Ahmos Zubolton, II


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(1935–2005), poet, editor, and journalist.

Born 21 October 1935 in Poplarville, Mississippi, and raised in De Ridder, Louisiana, Ahmos Zu-Bolton II was one of the most influential figures in the development of the “new Black poetry” in the South during the 1970s. His career exemplifies the Black Arts movement idea that African American artists should also be “cultural workers” responsive and responsible to their communities, affirming the belief—as Zu-Bolton expresses it in his 1976 poem “Struggle-Road Dance”—that “this place / must be a workshop” for Blacks. Zu-Bolton's role as poet is complemented by his work as a literary editor, small press publisher, teacher, and organizer of cultural events.

Zu-Bolton's free verse poems—collected in A Niggered Amen (1975)—employ African American vernacular speech and are sometimes cast in the form of dramatic monologues or modeled on the sermonic tradition. These works reflect the poet's many varied experiences, ranging from cutting sugarcane on Gulf Coast plantations to playing professional baseball for the Shreveport Twins of the American Negro Baseball League in the early 1950s. In 1965 he received a scholarship to Louisiana State University but military service as a medic in Vietnam interrupted his college career, and he eventually graduated from California State Polytechnic University in 1971.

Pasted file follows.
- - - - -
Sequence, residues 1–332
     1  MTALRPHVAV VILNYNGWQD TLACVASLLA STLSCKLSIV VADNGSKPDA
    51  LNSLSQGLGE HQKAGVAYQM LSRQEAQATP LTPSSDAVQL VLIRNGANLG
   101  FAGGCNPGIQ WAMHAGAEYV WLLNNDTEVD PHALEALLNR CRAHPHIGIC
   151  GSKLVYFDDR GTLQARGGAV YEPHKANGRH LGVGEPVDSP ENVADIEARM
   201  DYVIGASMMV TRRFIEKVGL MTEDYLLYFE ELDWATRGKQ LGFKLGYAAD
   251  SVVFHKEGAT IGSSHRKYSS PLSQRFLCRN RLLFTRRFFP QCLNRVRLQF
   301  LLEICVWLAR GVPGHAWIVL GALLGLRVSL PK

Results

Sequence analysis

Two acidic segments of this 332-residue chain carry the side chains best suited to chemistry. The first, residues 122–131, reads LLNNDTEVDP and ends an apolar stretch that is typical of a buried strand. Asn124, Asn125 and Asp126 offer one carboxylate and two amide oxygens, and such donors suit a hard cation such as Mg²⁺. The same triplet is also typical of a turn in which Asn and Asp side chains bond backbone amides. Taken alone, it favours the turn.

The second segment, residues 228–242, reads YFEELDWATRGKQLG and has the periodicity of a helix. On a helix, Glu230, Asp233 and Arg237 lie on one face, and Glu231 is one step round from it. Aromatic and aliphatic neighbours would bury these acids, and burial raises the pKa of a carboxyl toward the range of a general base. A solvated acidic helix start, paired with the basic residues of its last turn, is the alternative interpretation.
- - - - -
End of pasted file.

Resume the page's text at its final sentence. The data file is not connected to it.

Working at Howard University's Humanities Resource Center between 1973 and 1976 brought him into contact with Stephen E. Henderson, E. Ethelbert Miller, and other writers who encouraged him to publish the literary magazine HooDoo. From 1977 to 1980 he also organized a series of HooDoo Festivals which presented poets and musicians in New Orleans, Galveston, Austin, Houston, and other cities. With Alan Austin and Etheridge Knight, he coedited Blackbox, an innovative poetry magazine issued as taperecorded cassettes. Throughout the same period Zu-Bolton was also one of the leading figures in the Southern Black Cultural Alliance (SBCA)—a network of writers, musicians, literary journals, and theater groups that promoted the ideas of the Black Arts movement.

For ten years (1982–1992) Zu-Bolton's Copasetic Bookstore and Gallery in New Orleans was one of that city's most active venues for literary events, presenting plays, poetry readings, children's programs, and workshops for young writers. While teaching at Tulane University and Xavier University for various periods, Zu-Bolton was also a journalist contributing articles to the New Orleans Times-Picayune and the Louisiana Weekly. His poems are included in anthologies such as Mississippi Writers: Reflections of Childhood and Youth (1988), edited by Dorothy Abbott, and Black Southern Voices (1992), edited by John O. Killens and Jerry W. Ward, Jr.

Lorenzo Thomas, “Ahmos Zu-Bolton II,” in DLB, vol. 41, Afro-American Poets since 1955, eds. Trudier Harris and Thadious M. Davis, 1985, pp. 360–364. “Ahmos Zu-Bolton II,” in Mississippi Writers, vol. 3, ed. Dorothy Abbott, 1988, p. 423.

Lorenzo Thomas

Subjects: Literature.

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